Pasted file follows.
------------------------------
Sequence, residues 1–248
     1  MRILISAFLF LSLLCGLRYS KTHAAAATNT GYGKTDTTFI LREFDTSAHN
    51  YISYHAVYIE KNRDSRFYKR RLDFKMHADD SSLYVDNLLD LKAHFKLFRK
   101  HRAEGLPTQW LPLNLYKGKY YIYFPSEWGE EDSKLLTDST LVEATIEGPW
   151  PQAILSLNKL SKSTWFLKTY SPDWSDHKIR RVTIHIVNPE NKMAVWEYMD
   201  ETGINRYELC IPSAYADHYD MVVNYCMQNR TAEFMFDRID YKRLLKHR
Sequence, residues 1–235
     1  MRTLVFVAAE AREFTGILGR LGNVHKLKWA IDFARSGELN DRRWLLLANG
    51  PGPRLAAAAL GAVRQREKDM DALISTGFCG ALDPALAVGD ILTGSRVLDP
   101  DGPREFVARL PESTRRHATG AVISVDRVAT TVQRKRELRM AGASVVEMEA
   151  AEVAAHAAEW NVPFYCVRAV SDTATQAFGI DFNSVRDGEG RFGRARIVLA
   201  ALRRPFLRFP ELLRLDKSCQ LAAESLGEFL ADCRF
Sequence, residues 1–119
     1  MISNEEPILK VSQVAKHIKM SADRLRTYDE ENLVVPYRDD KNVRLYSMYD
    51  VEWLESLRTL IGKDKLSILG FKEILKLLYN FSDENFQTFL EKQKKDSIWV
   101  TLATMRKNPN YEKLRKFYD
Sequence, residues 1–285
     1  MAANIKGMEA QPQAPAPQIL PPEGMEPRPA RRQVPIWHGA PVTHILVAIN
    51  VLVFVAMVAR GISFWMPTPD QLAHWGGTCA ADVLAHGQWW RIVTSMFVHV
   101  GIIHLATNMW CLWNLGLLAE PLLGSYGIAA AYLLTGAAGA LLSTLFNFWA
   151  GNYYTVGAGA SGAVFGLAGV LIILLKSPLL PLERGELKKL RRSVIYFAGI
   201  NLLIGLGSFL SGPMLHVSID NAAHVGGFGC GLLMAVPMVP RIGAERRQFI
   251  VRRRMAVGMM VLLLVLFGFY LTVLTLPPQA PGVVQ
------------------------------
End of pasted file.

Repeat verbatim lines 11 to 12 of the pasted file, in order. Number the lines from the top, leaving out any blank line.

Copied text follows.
   151  AEVAAHAAEW NVPFYCVRAV SDTATQAFGI DFNSVRDGEG RFGRARIVLA
   201  ALRRPFLRFP ELLRLDKSCQ LAAESLGEFL ADCRF